WASHINGTON — The following statements were released following the EPA’s announcement that annual production requirements for ethanol and other biofuels would be lowered to account for reduced demand as a result of the COVID-19 pandemic. The EPA also announced that requests by small oil refineries to be exempted from ethanol requirements would be rejected.
More infomtion about these actions is available here. The USDA’s simultaneous announcement to provide economic relief to biofuel producers and restore renewable fuel markets affected by the pandemic is available here.
American Farm Bureau Federation
AFBF Welcomes EPA Action on Biofuels
American Farm Bureau Federation President Zippy Duvall welcomes EPA’s announcement regarding the Renewable Fuel Standard (RFS).
“The American Farm Bureau Federation appreciates the administration’s recognition that renewable fuels produced by America’s farmers have an important role in America’s future.
“President Biden promised his administration would ‘honor the critical role the renewable fuel industry plays in supporting the rural economy and the leadership role American agriculture will play in our fight against climate change.’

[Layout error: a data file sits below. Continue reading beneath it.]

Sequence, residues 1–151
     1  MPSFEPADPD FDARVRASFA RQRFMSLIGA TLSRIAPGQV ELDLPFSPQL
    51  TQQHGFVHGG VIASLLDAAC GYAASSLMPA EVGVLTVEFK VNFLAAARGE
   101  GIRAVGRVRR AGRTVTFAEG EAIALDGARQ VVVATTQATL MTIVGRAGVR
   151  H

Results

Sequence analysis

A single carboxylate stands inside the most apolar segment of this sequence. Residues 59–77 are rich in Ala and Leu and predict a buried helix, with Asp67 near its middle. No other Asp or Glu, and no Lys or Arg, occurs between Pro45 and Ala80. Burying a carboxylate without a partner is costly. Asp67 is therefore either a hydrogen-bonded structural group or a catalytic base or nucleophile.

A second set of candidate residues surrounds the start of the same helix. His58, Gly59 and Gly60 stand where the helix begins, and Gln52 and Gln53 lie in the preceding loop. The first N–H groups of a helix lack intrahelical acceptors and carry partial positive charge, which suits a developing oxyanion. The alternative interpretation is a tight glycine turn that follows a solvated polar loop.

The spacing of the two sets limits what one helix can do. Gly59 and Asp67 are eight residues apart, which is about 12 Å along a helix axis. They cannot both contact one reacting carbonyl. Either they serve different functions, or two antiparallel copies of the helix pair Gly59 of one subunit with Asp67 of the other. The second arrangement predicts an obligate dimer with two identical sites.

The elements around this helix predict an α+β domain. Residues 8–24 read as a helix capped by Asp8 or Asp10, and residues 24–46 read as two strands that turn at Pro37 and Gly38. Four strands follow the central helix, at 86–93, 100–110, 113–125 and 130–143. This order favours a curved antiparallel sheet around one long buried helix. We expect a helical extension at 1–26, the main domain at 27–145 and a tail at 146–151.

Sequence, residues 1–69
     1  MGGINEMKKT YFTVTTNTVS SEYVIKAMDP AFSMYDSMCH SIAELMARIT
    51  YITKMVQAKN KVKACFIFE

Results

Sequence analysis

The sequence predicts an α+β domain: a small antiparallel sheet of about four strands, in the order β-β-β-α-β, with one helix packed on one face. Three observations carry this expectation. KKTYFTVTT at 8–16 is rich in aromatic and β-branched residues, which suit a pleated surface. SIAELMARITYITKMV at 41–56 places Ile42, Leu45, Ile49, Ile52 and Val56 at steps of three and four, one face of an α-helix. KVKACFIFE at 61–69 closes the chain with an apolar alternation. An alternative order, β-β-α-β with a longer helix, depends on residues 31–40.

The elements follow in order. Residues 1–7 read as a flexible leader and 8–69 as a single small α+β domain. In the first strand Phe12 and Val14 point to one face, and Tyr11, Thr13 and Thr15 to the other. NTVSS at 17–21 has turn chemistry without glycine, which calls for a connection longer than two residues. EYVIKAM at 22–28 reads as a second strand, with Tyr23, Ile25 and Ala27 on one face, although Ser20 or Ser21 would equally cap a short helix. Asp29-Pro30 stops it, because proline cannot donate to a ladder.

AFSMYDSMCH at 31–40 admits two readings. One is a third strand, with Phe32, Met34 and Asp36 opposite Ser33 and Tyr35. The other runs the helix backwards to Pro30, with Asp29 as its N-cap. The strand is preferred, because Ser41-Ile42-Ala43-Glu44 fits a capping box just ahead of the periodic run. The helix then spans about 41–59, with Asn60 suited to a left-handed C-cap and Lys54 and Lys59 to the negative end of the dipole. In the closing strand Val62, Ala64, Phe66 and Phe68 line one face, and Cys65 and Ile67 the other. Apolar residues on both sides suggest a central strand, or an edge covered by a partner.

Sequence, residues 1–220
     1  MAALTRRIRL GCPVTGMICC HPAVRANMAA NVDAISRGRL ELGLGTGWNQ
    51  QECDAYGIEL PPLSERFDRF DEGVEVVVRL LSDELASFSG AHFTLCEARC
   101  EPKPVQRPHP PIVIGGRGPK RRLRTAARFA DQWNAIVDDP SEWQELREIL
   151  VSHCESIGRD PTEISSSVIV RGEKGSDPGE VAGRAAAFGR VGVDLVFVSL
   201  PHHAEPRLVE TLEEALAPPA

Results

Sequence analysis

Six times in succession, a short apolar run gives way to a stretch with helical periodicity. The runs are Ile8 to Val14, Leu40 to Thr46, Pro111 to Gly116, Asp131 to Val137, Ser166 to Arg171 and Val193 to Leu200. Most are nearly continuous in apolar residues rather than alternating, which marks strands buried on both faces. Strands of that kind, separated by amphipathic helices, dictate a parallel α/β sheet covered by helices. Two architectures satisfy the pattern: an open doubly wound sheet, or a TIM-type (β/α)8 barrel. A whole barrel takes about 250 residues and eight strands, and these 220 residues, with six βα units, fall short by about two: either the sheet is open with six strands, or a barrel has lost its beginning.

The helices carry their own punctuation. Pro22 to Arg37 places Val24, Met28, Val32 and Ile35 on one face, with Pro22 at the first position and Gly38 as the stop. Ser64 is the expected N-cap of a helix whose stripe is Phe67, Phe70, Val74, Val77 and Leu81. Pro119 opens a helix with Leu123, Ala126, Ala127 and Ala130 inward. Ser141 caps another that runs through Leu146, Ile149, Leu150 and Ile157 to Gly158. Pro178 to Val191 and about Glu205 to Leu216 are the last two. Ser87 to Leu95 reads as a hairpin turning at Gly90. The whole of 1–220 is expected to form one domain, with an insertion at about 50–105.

“Today’s EPA announcement upholds the integrity of the RFS by setting a positive target for 2022 Renewable Volume Obligations (RVOs) of 20.77 billion gallons of blending and saying no to all 65 pending small refinery exemptions, which have undermined renewable fuel production in the past. We’re also pleased USDA will finally be allocating $700 million in pandemic assistance for losses related to biofuel production.
“The use of ethanol and biodiesel have reduced greenhouse gas emissions the equivalent of taking 18 million cars off the road per year. Support for biofuels simply makes sense. We look forward to working with EPA and USDA as they carry out today’s announcements and in future efforts to support biofuels and their benefits for all Americans.”
National Farmers Union
National Farmers Union Encouraged by Renewable Fuel Standards (RFS) Renewable Volume Obligation’s (RVO’s) Focus on Future Growth for Biofuels